The Web is a visual medium. For a Web site to work, first and foremost, it must be well designed. Unlike newspapers where even the barest design can get its information across, a Web design must wow, tease, and compel your audience to step in and explore what you have to offer. Your design must trigger the curiosity of your visitors and make them want for more.
Once inside, they must be informed, entertained and convinced of your products or services. Your design must allow them to travel from page to page with the greatest of ease. More importantly, your site must convince them that coming back will be beneficial and rewarding as well.
Creating a Web site that works starts with its design. Good design means having quality content, while allowing your visitors options and pathways to investigate what you have to offer. To succeed in creating an effective web site, you must first understand the basic rules governing Web design.
Rule 1: The Web is About Content.
Your goal in designing your Web site is primarily to convey information. Whether your business deals with fishing, web hosting, online calendar or Java scripts, your Web site must be clear in conveying what you have to say or offer. This entails having content that is useful to your visitors, and ensuring that your visitors can find the information you have to offer.
a. Visitors must know what your site contains.
Content should clearly come up on every single page. Remember, first time visitors of your web site do not know what you have in store for them. It is important to bring up content to your front page – to let visitors know what they can find from your site. Do not make them plow through four levels of buttons to discover on the fifth page that your site contains links and resources pages. They may not have the patience to discover information that might be essential to them and could pull them back to your site repeatedly.
b. Provide quality and relevant content.
Use quality content relevant to your business. Be original as much as possible, although it is also good to have content from contributing authors who wish to promote their works at your web site. This count on your popularity and can generate more visitors while you also help giving traffic to the web site of your contributors. Remember, in the Internet, “No Man is an Island;” it is “Live and Let Live.”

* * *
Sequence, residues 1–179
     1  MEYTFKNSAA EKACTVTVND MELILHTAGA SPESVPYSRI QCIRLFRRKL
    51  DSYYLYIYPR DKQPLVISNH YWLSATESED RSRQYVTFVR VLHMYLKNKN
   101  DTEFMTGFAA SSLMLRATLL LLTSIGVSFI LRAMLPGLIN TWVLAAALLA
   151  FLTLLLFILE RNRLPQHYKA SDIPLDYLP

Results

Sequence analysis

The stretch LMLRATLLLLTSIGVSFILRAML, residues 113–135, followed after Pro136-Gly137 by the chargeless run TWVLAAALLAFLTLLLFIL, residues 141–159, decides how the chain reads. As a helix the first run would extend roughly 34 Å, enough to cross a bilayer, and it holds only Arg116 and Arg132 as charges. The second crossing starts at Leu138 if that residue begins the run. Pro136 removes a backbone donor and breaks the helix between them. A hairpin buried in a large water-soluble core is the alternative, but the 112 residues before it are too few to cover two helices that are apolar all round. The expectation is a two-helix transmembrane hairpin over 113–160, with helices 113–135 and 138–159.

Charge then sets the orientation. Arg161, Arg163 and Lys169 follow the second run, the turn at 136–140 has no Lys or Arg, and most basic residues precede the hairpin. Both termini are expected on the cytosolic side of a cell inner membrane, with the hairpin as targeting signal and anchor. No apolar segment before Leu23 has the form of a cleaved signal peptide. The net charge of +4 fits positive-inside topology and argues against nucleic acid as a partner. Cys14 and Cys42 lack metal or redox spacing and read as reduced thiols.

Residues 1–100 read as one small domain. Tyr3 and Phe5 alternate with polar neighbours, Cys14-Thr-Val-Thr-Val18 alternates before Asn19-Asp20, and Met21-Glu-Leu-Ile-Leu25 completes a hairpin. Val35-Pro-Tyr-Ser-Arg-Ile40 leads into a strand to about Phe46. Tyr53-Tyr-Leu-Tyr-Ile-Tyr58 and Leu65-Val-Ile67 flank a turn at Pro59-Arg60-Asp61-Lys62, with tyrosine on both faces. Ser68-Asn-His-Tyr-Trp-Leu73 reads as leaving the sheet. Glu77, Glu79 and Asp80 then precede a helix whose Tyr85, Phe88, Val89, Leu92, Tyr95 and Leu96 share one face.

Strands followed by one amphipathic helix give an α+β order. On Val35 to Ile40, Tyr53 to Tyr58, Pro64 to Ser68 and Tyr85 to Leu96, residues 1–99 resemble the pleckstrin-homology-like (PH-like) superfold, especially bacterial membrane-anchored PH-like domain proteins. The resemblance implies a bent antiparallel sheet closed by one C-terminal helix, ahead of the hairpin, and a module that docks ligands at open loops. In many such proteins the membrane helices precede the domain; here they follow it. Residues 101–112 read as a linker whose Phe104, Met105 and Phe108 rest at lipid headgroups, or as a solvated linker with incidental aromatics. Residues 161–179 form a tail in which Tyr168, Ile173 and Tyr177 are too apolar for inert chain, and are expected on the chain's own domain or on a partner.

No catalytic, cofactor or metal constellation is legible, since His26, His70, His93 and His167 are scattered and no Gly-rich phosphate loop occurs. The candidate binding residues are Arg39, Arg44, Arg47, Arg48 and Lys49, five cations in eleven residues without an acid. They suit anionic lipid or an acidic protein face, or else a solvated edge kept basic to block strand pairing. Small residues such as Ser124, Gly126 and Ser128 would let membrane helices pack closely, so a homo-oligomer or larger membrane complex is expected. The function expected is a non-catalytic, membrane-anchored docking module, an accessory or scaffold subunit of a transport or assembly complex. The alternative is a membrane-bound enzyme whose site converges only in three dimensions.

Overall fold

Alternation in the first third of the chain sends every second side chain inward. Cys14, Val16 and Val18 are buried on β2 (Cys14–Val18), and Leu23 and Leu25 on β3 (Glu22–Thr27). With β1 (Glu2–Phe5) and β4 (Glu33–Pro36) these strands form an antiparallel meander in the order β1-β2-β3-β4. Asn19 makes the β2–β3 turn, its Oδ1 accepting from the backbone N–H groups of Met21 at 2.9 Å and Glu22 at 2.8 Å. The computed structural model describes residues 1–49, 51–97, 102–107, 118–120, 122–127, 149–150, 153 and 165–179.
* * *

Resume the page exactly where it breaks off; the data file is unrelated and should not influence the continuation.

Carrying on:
Rule 2: The Web is About Skim and Surf
People will only read what catches their attention. You are kidding yourself if you think that your visitors will read every single word on your Web site. Here is the reality: nobody reads everything on the Web. Either people are too busy or they simply have limited attention span. Some studies show that it only takes nine seconds for a visitor to click away from your site. When they come across a Web site, they want to get something – and fast! If you do not give them something quickly, they absorb nothing. They don’t really care about your groovy images. They visit a site to get something out of it. If they don’t find what they want in an instant (even though you swear that the information is there buried 10 layers below your front page), they are gone! Many interactive Web designers still deny this cardinal truth.
a. Guide your visitors well.
Navigation bars are a must-have of every Web site. The nav bars serves as a “guide” or “direction tool” for your visitors, helping them finds your content easily. In addition to nav bars, other sites place drop-down menus for more specific listing of the topics and a site map. These tools are meant to help your visitors find the information they need from your site. Use these tools to organize your site in a clear and simple way.